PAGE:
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Phoebe Bacon, a Chevy Chase native, won the 100-meter backstroke, beating world record holder Regan Smith in last month’s U.S. Open in Atlanta. (Courtesy Photo)

As the United States Olympic Swimming Trials get closer, Phoebe Bacon’s star only continues to grow.

The Chevy Chase native and Stone Ridge School for the Sacred Heart senior has been rising on national levels over the past two years but made perhaps her biggest statement yet at last month’s Toyota U.S. Open in Atlanta.

On day two of the meet, Bacon won the 100-meter backstroke in 58.63 seconds, beating world record holder Regan Smith in the process. The 17-year-old Smith set the world record with a time of 57.57 leading off the U.S.’s 4×100 medley relay at this summer’s FINA World Championships.

“My goal was to be under a minute to set me up well for the night,” Bacon said. “That morning swim, I was ecstatic because it was one of the best I had and knew I could go faster. It was exciting.”

Bacon qualified second for the final in a time of 59.55, putting herself next to Smith for that night’s final. She trailed Smith by five one-hundredths of a second after the first 50 meters, slowly working her back over the second half of the race. Bacon lost some ground at the turn but caught up and passed over the final 15 meters to beat the world record holder.

“It’s a really big confidence booster,” Bacon said. “I want to continue to beat her, and she wants to continue to beat me. It’s a healthy rivalry we have, and we’re both excited to race again at some point.”

Bacon’s breakthrough swim was part of some unfinished business she had from this summer. She won gold in the 100-meter backstroke at the Pan American Game, and led off the women’s 4×100 medley relay in a then-personal best and meet record 59.02. Tim Kelly, Bacon’s coach at the Nation’s Capital Swim Club American University site, said she “spun her wheels” in the race, which means her tempo was too fast to be efficient.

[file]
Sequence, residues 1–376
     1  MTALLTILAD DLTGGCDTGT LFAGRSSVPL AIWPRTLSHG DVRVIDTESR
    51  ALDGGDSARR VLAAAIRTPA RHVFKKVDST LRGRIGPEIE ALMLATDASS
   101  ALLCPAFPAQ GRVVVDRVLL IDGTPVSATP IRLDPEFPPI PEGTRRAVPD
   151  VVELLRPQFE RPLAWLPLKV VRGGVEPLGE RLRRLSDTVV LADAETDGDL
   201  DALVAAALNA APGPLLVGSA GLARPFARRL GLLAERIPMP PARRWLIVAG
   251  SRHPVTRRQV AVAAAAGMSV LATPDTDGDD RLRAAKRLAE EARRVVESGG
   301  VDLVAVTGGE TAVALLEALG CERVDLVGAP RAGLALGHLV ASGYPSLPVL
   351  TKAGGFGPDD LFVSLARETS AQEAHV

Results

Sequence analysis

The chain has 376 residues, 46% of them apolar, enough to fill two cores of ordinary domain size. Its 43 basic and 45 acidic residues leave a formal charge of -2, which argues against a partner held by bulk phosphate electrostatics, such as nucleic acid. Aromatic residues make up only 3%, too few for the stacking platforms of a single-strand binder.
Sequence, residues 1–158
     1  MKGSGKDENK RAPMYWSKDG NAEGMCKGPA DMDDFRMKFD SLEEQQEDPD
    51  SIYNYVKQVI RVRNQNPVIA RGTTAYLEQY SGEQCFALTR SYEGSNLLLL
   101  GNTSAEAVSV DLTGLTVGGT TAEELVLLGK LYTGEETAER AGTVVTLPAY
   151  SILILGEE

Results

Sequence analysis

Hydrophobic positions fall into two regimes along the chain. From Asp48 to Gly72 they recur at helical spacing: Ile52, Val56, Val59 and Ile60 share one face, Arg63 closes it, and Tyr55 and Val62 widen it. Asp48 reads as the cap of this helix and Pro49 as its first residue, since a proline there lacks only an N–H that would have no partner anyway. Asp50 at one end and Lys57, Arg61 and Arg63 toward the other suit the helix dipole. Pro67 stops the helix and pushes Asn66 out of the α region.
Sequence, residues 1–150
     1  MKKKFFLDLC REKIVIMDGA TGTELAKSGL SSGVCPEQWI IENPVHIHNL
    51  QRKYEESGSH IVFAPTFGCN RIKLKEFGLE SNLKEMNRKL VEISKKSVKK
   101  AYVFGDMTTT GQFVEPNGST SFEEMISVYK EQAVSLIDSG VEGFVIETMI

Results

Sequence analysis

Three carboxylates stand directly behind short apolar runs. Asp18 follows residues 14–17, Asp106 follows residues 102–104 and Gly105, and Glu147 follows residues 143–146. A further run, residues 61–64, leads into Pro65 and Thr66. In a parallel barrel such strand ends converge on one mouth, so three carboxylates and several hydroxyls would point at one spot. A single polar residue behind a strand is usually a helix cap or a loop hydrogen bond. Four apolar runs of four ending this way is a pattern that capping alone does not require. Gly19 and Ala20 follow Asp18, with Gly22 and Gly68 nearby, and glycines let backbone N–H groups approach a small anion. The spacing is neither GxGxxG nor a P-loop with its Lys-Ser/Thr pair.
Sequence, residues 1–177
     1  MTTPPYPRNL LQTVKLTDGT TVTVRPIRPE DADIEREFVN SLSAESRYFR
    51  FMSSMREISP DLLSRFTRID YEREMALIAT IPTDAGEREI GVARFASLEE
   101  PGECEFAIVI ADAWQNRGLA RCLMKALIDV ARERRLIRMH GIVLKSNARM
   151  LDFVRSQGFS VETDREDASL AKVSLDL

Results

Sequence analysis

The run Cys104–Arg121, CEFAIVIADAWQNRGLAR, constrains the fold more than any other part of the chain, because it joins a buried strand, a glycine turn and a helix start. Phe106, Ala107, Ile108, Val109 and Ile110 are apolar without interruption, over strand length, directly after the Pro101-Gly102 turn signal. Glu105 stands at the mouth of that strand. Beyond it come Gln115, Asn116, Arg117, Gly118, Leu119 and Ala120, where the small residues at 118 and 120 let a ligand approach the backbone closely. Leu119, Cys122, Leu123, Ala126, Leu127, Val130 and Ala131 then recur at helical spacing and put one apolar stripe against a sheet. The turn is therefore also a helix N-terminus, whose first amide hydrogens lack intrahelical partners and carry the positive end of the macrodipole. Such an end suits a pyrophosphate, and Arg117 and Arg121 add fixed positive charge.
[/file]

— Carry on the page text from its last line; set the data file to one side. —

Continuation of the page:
But Kelly said Bacon continued to do what she does best, which is putting in the work. After getting about a week of rest for the meet, she went under 59 seconds in the event for the first time. However, Kelly said Bacon doesn’t get caught up in times, instead of focusing on the process.

“She’s getting better at focusing what she has to focus on,” Kelly said. “You see it not just in the big performances but just consistency to see how fast she swims…The sport is measured by (time), but she’s really focused on what the process is and has a pretty good eye on it.”

As the calendar turns to 2020, Bacon has the second-fastest time in the country in the 100-meter backstroke over the qualification for the Olympic Trials, which began on November 28, 2018. She trails only Smith, though she’ll have stiff competition. Before Smith set the world record this summer, American Kathleen Baker set the world record at U.S. Nationals in 2018. 25-year-old Olivia Smoliga, who made the Rio Olympic team in the 100-meter backstroke along with Baker, has been a mainstay on the U.S. National Team since. All four of their best times are faster than what it took to make the 2016 Olympic team.

Bacon’s chances aren’t as good in the 200-meter backstroke, where her time of 2:08.82 from the U.S. Open ranks eighth since the start of the qualification period. Even with a shot to make the Olympic team, Kelly is not only focused on making sure Bacon has success there. He thinks she’s just scratching the surface of her potential, and she’ll continue to improve when she heads to the University of Wisconsin in the fall.

“There’s huge ability and upside that keeps getting faster,” Kelly said. “I think that’s the more exciting thing about the success she has. The focus is this year, but there’s a lot more years of faster swimming ahead.”

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